GAINESVILLE, Fla. – Utah linebacker Mohamoud Diabate knows what awaits in Florida — sweltering heat, stifling humidity and deafening noise.
He experienced everything the Swamp has to offer during his three seasons in Gainesville. Now, he’s back – this time on the visiting sideline — for arguably the biggest non-conference game Florida has hosted in nearly a decade.
And when seventh-ranked Utah visits Florida Field on Saturday night for the first time since 1977 to open its most-anticipated season in school history, Diabate will have cautioned coaches, teammates and anyone who asks about what to expect.
“It’s one-of-a-kind,” he said. “I don’t think there’s any place I could compare it to. It’s an electric atmosphere.”
The Gators, 2 1/2-point underdogs according to FanDuel Sportsbook, are counting on it being a difference-maker, too.
Florida begins the Billy Napier era with the program’s toughest home opener in more than 50 years. Napier calls it a “carrot” for his players, but it also has the potential to be a catapult for a once-proud program clearly in rebuilding mode.
The Gators have lost 10 of their last 16 games, a skid that prompted athletic director Scott Stricklin to fire Dan Mullen in November. He hired Napier a few days later and tasked him with closing the gap on Southeastern Conference heavyweights Georgia and Alabama.
Napier has dynamic quarterback Anthony Richardson to build around, but it remains to be seen if he has enough talent to be anything more than mediocre in Year 1. Nonetheless, upsetting the defending Pac-12 champions at home would set a momentous tone for his tenure.
“This is not the same team as last year,” Florida defensive back Tre’Vez Johnson said. “This ain’t going to be nothing they’ve seen before, especially being in that Swamp. Ain’t nothing like 90,000. This is the best atmosphere in football, college football. It’s a night game, too.”
Napier has spent the last nine months putting his stamp on the program, which includes a new $85 million facility. But he’s also been mostly tight-lipped — he gets one shot at the element of surprise — about what to expect after kickoff.
There are no such secrets with Utah coach Kyle Whittingham, whose physical style has helped him win at least nine games in six of the last eight seasons. The Utes bring back 17 starters from last year’s team that lost to Ohio State in the Rose Bowl, including dual-threat quarterback Cam Rising, 1,100-yard, 21-touchdown rusher Tavion Thomas and quite possibly the best tight-end tandem (Brant Kuithe and Dalton Kincaid) in college football.
“A lot of guys returning always is a big help, in particular when you have an opener like we have this year,” Whittingham said. “This game has had their attention ever since we started in January, came back from the Rose Bowl and started school. It’s been certainly something they’re aware of and focused on.”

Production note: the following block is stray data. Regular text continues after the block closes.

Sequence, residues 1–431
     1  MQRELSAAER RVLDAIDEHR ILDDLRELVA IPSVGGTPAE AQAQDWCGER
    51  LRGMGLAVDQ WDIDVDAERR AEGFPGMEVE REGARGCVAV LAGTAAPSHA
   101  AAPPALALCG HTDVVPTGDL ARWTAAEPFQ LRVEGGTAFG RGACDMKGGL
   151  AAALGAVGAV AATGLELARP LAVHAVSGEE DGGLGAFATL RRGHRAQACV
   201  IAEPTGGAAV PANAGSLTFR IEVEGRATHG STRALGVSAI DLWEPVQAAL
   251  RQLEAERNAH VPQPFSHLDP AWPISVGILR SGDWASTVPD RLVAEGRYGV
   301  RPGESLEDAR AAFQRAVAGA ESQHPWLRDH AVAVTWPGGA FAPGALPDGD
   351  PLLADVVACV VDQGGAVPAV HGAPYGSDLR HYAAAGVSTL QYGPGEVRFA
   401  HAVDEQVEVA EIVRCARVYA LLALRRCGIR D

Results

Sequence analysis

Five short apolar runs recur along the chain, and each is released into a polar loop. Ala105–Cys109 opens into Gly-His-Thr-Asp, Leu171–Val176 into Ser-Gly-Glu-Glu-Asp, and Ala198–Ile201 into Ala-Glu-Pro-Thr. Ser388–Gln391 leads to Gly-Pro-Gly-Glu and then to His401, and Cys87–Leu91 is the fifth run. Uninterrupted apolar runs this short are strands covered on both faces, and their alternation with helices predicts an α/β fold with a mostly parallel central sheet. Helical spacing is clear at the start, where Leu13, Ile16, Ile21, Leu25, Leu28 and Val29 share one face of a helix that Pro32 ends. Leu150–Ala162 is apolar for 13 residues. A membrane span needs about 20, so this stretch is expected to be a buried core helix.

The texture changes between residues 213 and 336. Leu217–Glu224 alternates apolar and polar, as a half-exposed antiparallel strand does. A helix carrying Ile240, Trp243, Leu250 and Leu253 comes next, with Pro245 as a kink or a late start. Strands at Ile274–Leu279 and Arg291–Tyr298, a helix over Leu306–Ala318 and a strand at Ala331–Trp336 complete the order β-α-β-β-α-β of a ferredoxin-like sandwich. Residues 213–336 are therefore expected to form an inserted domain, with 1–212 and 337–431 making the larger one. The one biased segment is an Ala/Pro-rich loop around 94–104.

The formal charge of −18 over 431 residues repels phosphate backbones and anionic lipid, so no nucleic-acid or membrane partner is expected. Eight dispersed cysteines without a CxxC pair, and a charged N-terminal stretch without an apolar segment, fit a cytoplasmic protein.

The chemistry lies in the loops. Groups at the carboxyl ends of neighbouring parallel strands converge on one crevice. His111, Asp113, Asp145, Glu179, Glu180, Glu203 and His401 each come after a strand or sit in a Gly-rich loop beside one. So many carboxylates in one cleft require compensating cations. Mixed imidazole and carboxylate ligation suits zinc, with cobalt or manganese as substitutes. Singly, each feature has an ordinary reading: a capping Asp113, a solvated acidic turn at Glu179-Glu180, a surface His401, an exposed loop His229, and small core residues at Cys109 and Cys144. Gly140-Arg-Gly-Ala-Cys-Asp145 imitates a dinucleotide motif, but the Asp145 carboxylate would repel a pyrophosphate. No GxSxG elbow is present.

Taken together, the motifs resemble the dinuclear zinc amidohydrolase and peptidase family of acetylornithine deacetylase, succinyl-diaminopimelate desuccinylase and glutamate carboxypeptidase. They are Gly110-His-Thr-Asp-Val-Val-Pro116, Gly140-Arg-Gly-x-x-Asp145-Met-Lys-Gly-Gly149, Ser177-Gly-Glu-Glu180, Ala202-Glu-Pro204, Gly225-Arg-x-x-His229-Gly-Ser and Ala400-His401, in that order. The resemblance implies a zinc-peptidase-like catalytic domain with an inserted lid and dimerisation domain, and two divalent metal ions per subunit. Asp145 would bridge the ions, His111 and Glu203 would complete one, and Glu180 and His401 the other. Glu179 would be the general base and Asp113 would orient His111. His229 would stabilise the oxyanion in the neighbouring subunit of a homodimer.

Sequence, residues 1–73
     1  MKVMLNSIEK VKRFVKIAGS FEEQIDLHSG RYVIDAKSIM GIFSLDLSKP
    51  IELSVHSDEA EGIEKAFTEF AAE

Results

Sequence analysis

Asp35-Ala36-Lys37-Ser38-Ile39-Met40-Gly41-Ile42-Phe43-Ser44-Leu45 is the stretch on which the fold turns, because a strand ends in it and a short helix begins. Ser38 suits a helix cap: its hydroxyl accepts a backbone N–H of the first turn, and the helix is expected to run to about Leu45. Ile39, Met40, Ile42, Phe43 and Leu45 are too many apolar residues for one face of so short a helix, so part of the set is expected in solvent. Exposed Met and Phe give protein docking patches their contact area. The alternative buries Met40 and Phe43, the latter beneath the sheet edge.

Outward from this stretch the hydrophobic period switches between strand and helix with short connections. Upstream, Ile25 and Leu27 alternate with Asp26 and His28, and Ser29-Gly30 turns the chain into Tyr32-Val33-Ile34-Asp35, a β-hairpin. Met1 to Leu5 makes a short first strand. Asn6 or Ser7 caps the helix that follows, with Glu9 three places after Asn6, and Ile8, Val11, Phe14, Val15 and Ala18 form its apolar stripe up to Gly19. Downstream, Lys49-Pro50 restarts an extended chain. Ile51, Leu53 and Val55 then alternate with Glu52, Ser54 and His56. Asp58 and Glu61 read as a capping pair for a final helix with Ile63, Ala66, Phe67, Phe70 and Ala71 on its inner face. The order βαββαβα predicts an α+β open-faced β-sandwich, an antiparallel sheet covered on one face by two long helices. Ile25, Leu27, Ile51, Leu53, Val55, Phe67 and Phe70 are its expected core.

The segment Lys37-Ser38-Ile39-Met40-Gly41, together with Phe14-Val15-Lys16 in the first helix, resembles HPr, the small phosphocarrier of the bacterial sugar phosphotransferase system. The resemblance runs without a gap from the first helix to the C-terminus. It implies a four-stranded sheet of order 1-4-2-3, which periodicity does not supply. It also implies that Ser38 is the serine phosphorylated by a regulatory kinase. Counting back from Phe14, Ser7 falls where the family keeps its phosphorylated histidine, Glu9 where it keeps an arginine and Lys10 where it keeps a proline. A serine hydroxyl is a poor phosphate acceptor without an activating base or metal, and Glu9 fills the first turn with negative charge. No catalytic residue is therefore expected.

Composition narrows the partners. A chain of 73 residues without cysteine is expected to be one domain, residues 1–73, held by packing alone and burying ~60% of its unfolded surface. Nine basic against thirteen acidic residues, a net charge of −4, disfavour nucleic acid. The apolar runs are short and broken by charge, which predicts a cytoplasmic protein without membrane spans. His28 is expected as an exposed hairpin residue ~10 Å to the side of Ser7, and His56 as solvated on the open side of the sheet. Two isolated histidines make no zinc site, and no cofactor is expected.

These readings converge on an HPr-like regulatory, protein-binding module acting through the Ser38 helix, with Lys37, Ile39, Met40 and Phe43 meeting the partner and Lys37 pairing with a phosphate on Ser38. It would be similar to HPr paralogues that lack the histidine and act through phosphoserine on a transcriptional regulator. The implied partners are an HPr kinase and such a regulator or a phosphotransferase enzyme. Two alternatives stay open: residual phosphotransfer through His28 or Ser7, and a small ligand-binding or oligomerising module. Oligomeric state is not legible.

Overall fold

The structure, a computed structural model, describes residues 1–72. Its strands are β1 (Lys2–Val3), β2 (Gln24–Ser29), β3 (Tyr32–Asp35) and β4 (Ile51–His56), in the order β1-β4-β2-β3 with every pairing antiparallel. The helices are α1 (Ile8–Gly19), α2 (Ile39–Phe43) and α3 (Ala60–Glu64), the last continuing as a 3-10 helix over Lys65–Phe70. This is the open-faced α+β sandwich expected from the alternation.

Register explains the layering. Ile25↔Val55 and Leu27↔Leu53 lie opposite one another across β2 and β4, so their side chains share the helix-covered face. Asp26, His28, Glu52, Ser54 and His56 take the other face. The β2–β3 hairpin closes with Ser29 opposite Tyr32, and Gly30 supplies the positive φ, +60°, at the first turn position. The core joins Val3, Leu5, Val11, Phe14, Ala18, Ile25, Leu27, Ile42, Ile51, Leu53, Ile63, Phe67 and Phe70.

And seemingly prepared for. Whittingham had his team practicing indoors with the heat cranked up and music blaring throughout camp. How much will it help?
“I don’t think you can duplicate this,” Florida cornerback Jordan Young said. "This is different.”
Richardson's second career start will be his first at the Swamp. He had to ask about 30 teammates for tickets so he could get enough for friends and family.
“I had to scramble," said Richardson, who ended up with more than a dozen. "I wish I could invite more.”
Richardson started one game as a redshirt freshman last season — against eventual national champion Georgia. He looked mostly lost, turning the ball over twice before leaving with a concussion. He missed five games in all in 2021, but escaped camp unscathed.
“It’s always been a worry of mine,” he said. "But being able to go through camp with my teammates and coaches and staying healthy was a big deal for me.”
STREAKS AT STAKE
Florida hasn't lost a season opener at home since 1989, a 24-19 setback to Ole Miss. The Gators own the NCAA’s longest active winning streak in homes openers at 32. None of the previous victories came against ranked teams.
The last first-year Florida coach to lose his debut was Charley Pell in 1979.
Former Utah and Florida coach Urban Meyer had a shot at getting into the Gators' Ring of Honor on Saturday. Florida officials discussed Meyer, who led the team to national titles in 2006 and 2008, as a potential inductee last summer when he was coaching the NFL's Jacksonville Jaguars. They even invited him back for the 2021 season opener and introduced him to the crowd to gauge fan reception.
But the way Meyer's tenure ended in Jacksonville — he was fired for cause following months of missteps — put any ring plans temporarily on hold.
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